Gil Mansergh’s Cinema Toast

Films Opening 4/25/14


The Other Woman (R)

Starring: Cameron Diaz, Kate Upton, Leslie Mann

Directed by: Nick Cassavettes

This is one of those farcical looks at several Manhattan condo-style women. You may have seen their sisters on one of those Real Estate TV shows where people with more money than taste, grimace at the sight of white appliances. “I’ll have to rip everything out,” they tell everyone within shouting distance. The three women in this particular tale, discover they are involved with the same man (one is even married to him), but instead of using dueling iPhones to destroy their rivals (or the man), they get together at expensive restaurants to share glasses of  “rich and buttery” Chardonnay. Sparks (of various types) fly across the table, and in this instance, the Klingon proverb should read, “Revenge is a dish best served warm.”

3  pieces of chatty Manhattan-style toast 


The Gallapagos Affair: Satan Comes to Eden (NR)

Starring the voices of: Cate Blanchette, Sebastian Koch, Thomas Kretschmann, Diane Kruger, Connie Nielsen

Directed by: Daniel Geller, Dayna Goldfine

Secluded tropical islands have always been a lure to the “back to Eden” folks with enough money to get there. So too, with one of the Galapagos Islands off the coast of Chili. Primarily thought of as the protected marine sanctuary where Charles Darwin formulated his theories on natural selection, in 1932, tiny Floreana, became “home” to a small group of Austrian/Germans fleeing their homeland. Sex and freedom from clothing and other trappings of civilization were the attractions for some of the people, but a baroness arrived with her two lovers and the intent to build a destination hotel on the beach. Somehow, three people vanished without a trace. This intriguing documentary uses recently discovered home movies to take us back to that utopian quest.

3 pieces of a bit long, but still fascinating toast 


Locke (R)

Starring: Tom Hardy, Ben Daniels, Andrew Scott, Olivia Coleman

Directed by: Steven Knight

Overacting must have been a constant dread for the people who made this film. Almost all of it takes place in the confined space of a luxury automobile heading down a British highway. The dialogue is between the driver and the people who call via Bluetooth (which is why he never gets stopped for using a cell phone while driving). In the course of ninety minutes, almost everything that could happen to destroy the man’s comfortable life does happen. It’s like that old story about the writer who returns home to be greeted with the news. “Your agent stopped by.” The fellow in that apocryphal tale learns that his wife was cheating on him, his house burned down with his priceless collection of first editions, etc. etc. etc.)  Suffice to say, Tom Hardy makes this film work. Kudos to him.

3 pieces of a one-man movie toast 


Railway Man  (R)

Starring: Colin Firth, Nicole Kidman, Stellan Skarsgard,

Directed by: Jonathan Taplitsky

As a bookend to Alec Guinness’ performance in the Bridge Over the River Kwai, Colin Firth plays another survivor of the Japanese forced labor camps used to construct the Thai-Burma railway during WWII. No Colonel Bogey March here. The Bogeymen are real–the sadistic and jingoistic, propaganda-fed Japanese officers who whipped and starved and killed the “animals” to keep to a building schedule imposed by the Emperor himself. We meet this survivor long after the war is supposed to have ended. But it hasn’t. Not for this man and the hundreds of fellow prisoners whose honor he has a chance to avenge. Sadly, the scenes between the soldier and his Japanese tormentor seem hollow shells of what should have been the film’s central focus. I blame it on the director.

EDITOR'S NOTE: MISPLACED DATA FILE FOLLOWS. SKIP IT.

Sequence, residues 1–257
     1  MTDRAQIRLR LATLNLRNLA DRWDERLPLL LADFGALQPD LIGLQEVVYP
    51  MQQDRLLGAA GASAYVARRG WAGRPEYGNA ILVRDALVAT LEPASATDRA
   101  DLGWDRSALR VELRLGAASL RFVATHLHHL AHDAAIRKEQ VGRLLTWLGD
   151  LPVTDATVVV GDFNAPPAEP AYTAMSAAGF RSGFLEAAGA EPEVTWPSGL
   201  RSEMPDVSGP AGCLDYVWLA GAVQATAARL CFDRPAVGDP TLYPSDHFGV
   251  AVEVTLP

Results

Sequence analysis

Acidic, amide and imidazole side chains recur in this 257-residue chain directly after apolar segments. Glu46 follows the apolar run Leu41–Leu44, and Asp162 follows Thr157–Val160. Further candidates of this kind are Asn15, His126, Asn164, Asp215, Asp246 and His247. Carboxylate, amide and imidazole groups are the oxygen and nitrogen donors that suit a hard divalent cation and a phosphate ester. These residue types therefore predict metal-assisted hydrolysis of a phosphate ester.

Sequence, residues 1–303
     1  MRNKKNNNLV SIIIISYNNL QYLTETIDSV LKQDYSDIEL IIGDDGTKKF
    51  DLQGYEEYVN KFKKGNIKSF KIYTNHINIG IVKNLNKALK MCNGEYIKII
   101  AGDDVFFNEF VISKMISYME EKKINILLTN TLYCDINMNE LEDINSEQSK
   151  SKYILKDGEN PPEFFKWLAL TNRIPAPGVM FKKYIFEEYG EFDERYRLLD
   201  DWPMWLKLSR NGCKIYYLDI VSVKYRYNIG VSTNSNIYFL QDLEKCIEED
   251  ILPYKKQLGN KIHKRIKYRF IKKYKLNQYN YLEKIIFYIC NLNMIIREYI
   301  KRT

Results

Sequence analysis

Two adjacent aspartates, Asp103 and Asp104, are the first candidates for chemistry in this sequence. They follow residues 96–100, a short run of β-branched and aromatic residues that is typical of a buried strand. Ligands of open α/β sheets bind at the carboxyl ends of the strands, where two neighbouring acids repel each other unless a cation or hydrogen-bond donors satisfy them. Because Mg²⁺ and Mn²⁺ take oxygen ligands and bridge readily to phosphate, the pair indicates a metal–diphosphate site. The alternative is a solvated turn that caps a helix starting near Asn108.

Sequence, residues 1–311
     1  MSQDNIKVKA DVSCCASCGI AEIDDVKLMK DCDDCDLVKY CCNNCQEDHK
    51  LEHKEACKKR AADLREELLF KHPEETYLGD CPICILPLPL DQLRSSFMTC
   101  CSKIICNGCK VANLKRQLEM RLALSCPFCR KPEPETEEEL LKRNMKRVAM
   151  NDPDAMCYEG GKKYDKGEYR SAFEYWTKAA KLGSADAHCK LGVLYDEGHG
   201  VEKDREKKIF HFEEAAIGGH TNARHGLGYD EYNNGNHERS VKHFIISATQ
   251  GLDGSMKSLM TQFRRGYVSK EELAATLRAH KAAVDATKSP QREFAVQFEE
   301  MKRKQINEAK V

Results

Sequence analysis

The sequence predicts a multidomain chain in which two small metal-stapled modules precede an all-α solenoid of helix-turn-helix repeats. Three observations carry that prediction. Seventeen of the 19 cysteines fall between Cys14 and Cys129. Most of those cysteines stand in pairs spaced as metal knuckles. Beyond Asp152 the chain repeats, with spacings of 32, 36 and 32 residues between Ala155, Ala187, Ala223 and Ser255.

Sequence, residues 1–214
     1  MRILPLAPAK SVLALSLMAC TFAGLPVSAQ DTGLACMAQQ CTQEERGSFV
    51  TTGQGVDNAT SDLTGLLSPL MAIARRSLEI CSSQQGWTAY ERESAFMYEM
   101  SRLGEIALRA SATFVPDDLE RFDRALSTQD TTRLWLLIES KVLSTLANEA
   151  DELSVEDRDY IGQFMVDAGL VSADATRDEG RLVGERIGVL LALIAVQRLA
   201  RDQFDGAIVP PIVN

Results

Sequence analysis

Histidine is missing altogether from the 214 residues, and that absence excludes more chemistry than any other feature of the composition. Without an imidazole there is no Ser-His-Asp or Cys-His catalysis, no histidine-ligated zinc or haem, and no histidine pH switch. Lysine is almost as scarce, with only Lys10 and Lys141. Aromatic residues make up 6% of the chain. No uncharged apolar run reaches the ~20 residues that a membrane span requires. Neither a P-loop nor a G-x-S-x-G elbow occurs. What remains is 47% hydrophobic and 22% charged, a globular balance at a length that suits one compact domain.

2  pieces of messes up the “core” of the tale toast 


Walking With the Enemy  (NR)

Starring: Jonas Armstrong, Hannah Tointon, Ben Kingsley

Directed by: Mark Schmidt

This film wanted to be good. It cast Ben Kingsley as the Hungarian regent who must work with the Nazi leaders Adolph Eichmann,  and Col Skozeny, and he is such a good actor, we manage to feel sympathy for a fellow whose feelings regarding “the Jewish problem” are ambivalent at best. It tries to cram too much into a confined space. A Jew disguised as a Nazi officer searching out his family, torture, mass executions, and, of course, young lovers. In the end, the weight of historic reality crushes the good intentions to rubble.

1 and 1/2 pieces of the Holocaust comes to Hungary toast 


Nymphomaniac 2 (NC-17)

Starring: Charlotte Gainsborough,Stellen Skarsgard, Jamie Bell, Wilem Dafoe, Shia LeBeouf

Directed by: Lars Von Trier

At the end of the first movie (the 4 and 1/2 hour original film was cut into two for theatrical release), Charlotte Gainsborough’s sex-obsessed character loses all feeling in her nether regions. It doesn’t prevent her from searching out sexual release—just shifts her perspective to the physical pain part of the spectrum, and the “cures” a so-called “therapist”inflicts on the woman, are criminal.  At the end of this film, the director winks at his audience and lets them know everything that has gone before, is a joke. I assume this lets Von Trier off the hook for displaying torturous pain as sexual release. Graphic in a disturbing way, the whole exercise smacks of a fellow who made the film(s) just to raise his middle finger at the world.

1 and 1/2  pieces of seriously mixed-up toast




Nothing new this week above 2 and 1/2 pieces of toast